# Wikihow coverage from octal to decimal

## Convert octal number to decimal number

You probably disagree when someone claims that 777 has the same value as 511. However, this statement may be correct if the same number is represented in different number systems, in this case the octal system and the decimal system. For example, if you enter 777 as the octal number in the calculator, the result will be exactly 511. As soon as the numerical value seven is exceeded, numbers appear larger in their representation in the octal system than in a representation in the decimal system. If a number has digit values ​​above 7, e.g. 8 or 9, it cannot be a number in the octal system, as only the eight digit values ​​0 to 7 occur here. In order to avoid misunderstandings as to which number system a number is represented in, the base of the relevant place value system can be specified as a subscript number after the actual number. The base of the octal system is eight and that of the decimal system is ten.

The number 68 and the number 610 have the same value, namely the value 6, like half a dozen. But it looks different at 108 and 1010. If you enter "10" as an octal number into the calculator, the result will be 8 in the decimal system. Would you like to calculate how 1010 is displayed in the octal system, you can select the appropriate settings with the converter for decimal numbers or use our calculator, with which you can convert common place value systems into one another.

In the case of a number with more than one digit, the position value is also used in addition to the numerical values. Because the total value of a number is the sum of the respective products of the digit value and position value of all positions. The position values ​​of the same place in a number are different for each place value system, with the exception of the position on the far right. More precisely, they are each potencies of the base. With the decimal system, the position values ​​are therefore 100, 101,102,103,104,105 etc. In the octal system the powers are 8 accordingly0, 81, 82, 83, 84, 85 Calculated in the decimal system, the position values ​​are 1, 10, 100, 1000, 10,000, 100,000, etc. For the octal system, expressed in the decimal system, the position values ​​are also 1, but then followed by 8, 64, 512, 4096 , 32768 etc. If you are interested, you can calculate further powers of the base yourself.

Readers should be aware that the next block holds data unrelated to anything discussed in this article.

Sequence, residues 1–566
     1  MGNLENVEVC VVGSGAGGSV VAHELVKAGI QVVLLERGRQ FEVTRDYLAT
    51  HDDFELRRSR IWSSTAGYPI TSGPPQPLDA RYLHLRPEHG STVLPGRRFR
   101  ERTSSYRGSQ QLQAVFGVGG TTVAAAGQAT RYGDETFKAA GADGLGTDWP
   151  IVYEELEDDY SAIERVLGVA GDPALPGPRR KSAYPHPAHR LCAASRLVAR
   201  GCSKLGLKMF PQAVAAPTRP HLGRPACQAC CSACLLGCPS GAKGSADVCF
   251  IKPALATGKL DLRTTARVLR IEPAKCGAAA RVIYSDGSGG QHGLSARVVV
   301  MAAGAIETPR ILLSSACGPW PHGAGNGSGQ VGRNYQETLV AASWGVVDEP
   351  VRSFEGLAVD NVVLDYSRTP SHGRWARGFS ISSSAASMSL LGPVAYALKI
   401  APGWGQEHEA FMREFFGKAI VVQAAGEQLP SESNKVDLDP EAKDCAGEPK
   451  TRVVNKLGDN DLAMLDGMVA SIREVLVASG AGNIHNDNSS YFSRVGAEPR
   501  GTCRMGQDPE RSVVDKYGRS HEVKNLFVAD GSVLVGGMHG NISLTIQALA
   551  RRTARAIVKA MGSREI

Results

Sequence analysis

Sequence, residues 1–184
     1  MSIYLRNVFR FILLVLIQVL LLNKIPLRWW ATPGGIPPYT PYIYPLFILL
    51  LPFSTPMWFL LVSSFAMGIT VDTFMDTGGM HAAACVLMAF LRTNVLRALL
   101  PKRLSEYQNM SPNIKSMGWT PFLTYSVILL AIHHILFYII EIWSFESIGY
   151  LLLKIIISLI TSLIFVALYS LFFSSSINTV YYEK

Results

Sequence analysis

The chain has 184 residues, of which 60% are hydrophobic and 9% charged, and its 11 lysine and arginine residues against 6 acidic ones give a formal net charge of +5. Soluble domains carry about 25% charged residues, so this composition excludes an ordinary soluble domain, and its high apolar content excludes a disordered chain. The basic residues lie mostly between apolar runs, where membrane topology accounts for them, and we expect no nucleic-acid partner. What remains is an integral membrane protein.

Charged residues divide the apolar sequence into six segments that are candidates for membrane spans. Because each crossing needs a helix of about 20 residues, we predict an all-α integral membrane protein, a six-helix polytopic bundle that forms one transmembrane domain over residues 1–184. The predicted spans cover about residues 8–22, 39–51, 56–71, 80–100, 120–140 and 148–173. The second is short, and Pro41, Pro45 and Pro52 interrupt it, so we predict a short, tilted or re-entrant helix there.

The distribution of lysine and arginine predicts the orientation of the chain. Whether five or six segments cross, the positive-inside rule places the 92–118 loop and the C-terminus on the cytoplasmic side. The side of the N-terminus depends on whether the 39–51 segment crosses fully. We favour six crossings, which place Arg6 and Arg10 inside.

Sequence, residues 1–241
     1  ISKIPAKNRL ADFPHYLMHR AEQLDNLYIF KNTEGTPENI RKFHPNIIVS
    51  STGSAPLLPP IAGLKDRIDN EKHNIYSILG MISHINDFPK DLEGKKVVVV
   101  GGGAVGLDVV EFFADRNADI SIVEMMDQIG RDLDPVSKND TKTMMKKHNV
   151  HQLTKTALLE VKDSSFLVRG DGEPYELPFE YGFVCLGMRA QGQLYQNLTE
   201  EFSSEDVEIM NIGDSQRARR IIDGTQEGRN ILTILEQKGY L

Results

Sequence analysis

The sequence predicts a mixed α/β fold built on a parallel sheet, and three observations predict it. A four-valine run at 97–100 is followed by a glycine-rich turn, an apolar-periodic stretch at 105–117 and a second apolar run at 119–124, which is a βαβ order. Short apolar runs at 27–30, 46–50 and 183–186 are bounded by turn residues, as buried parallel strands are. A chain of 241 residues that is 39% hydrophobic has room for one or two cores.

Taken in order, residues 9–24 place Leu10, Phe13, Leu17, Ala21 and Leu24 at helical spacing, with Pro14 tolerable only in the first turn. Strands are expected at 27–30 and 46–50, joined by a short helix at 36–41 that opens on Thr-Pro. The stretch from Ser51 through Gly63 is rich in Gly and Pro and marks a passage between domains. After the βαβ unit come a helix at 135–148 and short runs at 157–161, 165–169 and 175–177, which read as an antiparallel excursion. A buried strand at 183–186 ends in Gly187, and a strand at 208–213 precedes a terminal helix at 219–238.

Since the octal system can represent numbers from zero to seven in one digit, and this also corresponds exactly to the number range of a three-digit binary number, the octal system was used in information technology for a more compact notation. The hexadecimal system is even more practical than the octal system, as a four-digit binary number can be represented here with one digit. The typical word lengths are often a multiple of four and not three, so the octal system is becoming less and less important. Although the hexadecimal system needs letters as numerical values ​​in addition to Arabic numerals, this is usually not a problem. If you want to convert a hexadecimal number into a decimal number, you can use this system-to-ten converter. There is also the binary to decimal converter.

You can find out how to pronounce large numbers for the decimal system in the table with the written names of the powers of ten that are important for naming. If you are unsure what the powers in between are called or want to make sure that the position values ​​of the figure-of-eight are correctly pronounced, you can display the full name of any number. In addition to other calculation options, we have compiled further information on ranking systems.